Challenges  created  by  and  facing  caregiver-­‐companions   Informal  caregivers  accompanying  medical  tourists  can  make  the  international  journey  less  stressful  and   benefit  the  accompanied  patient.  However,  interviews  with  IPCs  showed  that  caregiver-­‐companions  can   also  pose  unexpected  challenges  to  the  medical  tourist,  health  care  workers  and  other  staff.  In  addition,   caregivers  themselves  might  be  subject  to  risks  affecting  their  safety  and  health.     •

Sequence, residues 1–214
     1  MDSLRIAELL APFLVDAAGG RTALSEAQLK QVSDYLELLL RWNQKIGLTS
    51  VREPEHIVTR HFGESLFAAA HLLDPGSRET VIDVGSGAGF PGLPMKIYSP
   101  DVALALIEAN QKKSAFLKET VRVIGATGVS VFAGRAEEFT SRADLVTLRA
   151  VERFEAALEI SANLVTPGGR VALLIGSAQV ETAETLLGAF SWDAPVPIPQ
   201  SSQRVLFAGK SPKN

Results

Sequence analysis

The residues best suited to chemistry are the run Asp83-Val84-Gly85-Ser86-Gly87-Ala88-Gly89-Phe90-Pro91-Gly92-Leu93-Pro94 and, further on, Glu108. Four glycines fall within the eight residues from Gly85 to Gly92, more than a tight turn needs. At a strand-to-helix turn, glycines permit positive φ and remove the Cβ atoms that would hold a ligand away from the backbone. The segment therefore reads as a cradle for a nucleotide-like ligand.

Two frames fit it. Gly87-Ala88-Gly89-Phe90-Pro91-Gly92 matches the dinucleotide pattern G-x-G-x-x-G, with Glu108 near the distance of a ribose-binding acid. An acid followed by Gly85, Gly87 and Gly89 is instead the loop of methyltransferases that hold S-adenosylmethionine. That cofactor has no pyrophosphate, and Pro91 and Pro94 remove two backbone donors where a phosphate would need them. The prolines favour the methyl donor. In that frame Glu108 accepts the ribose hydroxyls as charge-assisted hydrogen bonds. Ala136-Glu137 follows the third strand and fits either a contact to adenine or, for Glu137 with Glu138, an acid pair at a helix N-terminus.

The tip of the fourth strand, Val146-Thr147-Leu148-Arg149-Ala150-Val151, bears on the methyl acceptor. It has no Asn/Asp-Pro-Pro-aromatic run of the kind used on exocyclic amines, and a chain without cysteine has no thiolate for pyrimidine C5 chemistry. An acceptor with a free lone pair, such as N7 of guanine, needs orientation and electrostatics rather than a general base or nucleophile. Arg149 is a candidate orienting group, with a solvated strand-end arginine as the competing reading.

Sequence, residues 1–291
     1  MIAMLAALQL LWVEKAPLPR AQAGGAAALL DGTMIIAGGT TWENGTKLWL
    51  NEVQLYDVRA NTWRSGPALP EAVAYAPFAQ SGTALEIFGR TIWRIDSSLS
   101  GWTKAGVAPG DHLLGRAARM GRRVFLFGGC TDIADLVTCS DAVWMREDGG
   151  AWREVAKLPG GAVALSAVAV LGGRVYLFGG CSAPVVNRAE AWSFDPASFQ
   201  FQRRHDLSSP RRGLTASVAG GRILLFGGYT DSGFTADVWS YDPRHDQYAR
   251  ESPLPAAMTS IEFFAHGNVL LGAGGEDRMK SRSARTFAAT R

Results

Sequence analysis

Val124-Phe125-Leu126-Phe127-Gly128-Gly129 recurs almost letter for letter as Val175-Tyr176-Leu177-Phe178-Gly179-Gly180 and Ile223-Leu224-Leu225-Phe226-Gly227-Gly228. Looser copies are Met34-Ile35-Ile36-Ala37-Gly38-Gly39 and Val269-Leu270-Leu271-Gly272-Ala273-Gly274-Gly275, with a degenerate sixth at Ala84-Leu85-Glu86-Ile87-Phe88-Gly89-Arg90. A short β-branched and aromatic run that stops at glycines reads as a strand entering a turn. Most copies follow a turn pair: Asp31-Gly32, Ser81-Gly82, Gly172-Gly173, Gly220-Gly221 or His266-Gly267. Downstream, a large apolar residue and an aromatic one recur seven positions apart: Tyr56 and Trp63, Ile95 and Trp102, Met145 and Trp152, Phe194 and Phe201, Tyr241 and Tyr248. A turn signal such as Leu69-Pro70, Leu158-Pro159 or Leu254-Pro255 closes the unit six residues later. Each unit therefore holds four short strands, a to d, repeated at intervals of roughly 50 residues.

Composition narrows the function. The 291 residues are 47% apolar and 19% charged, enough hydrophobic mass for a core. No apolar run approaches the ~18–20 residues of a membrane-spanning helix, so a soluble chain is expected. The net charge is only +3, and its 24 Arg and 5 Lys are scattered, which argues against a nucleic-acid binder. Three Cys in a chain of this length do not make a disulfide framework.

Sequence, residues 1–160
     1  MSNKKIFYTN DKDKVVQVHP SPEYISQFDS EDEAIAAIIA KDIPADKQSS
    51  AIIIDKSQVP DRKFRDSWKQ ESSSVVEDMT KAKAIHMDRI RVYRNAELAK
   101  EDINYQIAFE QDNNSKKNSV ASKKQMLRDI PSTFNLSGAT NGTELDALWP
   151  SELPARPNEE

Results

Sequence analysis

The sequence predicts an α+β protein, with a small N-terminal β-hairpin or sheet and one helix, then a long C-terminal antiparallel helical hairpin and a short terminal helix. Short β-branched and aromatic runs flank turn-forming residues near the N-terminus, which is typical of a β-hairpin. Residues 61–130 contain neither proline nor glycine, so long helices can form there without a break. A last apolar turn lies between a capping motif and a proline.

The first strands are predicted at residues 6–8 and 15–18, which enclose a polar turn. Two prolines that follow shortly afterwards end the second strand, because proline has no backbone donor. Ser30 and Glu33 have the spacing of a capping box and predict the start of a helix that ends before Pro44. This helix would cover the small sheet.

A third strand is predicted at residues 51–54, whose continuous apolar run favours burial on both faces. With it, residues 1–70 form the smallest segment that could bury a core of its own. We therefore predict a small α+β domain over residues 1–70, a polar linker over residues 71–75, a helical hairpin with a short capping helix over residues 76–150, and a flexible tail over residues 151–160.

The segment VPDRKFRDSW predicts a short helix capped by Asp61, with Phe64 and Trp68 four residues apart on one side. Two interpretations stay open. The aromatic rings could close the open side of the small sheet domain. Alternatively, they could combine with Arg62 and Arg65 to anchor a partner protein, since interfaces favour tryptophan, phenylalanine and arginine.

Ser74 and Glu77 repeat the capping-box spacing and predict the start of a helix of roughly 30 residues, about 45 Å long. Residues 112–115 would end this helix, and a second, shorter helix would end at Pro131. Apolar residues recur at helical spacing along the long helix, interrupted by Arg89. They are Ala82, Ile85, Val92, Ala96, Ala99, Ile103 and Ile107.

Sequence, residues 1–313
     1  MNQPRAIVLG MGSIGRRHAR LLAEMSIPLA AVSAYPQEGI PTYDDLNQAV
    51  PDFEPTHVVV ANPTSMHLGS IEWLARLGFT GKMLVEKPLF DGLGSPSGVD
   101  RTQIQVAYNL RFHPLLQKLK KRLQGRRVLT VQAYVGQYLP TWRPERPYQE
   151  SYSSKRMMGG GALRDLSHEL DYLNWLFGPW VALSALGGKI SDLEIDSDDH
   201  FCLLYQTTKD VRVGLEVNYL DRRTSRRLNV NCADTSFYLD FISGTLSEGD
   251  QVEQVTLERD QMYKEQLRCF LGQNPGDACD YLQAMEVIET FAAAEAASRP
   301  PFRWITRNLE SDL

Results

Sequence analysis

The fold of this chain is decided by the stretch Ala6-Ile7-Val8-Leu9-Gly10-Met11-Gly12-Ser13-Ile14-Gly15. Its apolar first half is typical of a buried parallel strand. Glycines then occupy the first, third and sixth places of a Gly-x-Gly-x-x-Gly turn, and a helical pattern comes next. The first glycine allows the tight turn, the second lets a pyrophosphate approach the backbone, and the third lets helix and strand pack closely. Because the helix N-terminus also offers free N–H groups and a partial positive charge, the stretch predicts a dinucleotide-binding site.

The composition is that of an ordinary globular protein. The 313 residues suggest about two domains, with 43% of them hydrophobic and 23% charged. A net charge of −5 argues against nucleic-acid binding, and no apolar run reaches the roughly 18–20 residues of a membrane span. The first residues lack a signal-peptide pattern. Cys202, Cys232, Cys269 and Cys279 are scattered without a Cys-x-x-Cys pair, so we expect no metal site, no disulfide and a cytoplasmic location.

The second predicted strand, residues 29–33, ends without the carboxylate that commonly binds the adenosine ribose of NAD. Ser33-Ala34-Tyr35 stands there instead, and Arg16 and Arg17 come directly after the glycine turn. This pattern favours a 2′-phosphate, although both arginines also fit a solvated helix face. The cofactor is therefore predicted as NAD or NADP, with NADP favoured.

Caregiver-­‐companions  require  time,  attention  and  resources:  It  takes  financial  resources  to   bring  a  caregiver  to  a  foreign  country  with  the  medical  tourist.  Sometimes,  IPCs  need  to  attend   to  the  needs  of  the  caregivers,  which  redirects  time  and  attention  away  from  the  medical   tourist.  The  redundancy  of  roles  between  caregiver-­‐companions  and  medical  staff  can  cause   discontinuity  in  symptom  monitoring  and  record  keeping.     Caregiver-­‐companions  can  disrupt  the  provision  of  quality  care:  Informal  caregivers  may  not   always  respect  facility  norms  and  thus  can  create  challenges  and  more  work  for  the  medical   staff.  Some  caregivers  may  encourage  the  medical  tourist  to  go  against  the  advice  given  by   health  care  workers.     Caregiver-­‐companions  can  be  exposed  to  risks:  Caregivers  are  commonly  exposed  to  stress   focused  on  the  unknown  outcome  of  the  surgery  or  possible  complications,  and  the  uncertainty   of  their  role  as  a  companion.  A  lack  of  trust  in  the  destination  country,  facility  and  the  IPCs  can   also  contribute  to  stress.  These  stresses  usually  fade  when  caregiver-­‐companions  gain  more   understanding  of  the  local  and  medical  environments.  Beyond  stress,  caregiver-­‐companions  can   also  face  travel  safety  risks  such  as  being  a  target  for  theft,  getting  lost  in  an  unfamiliar  city,  or   consuming  contaminated  food  or  water.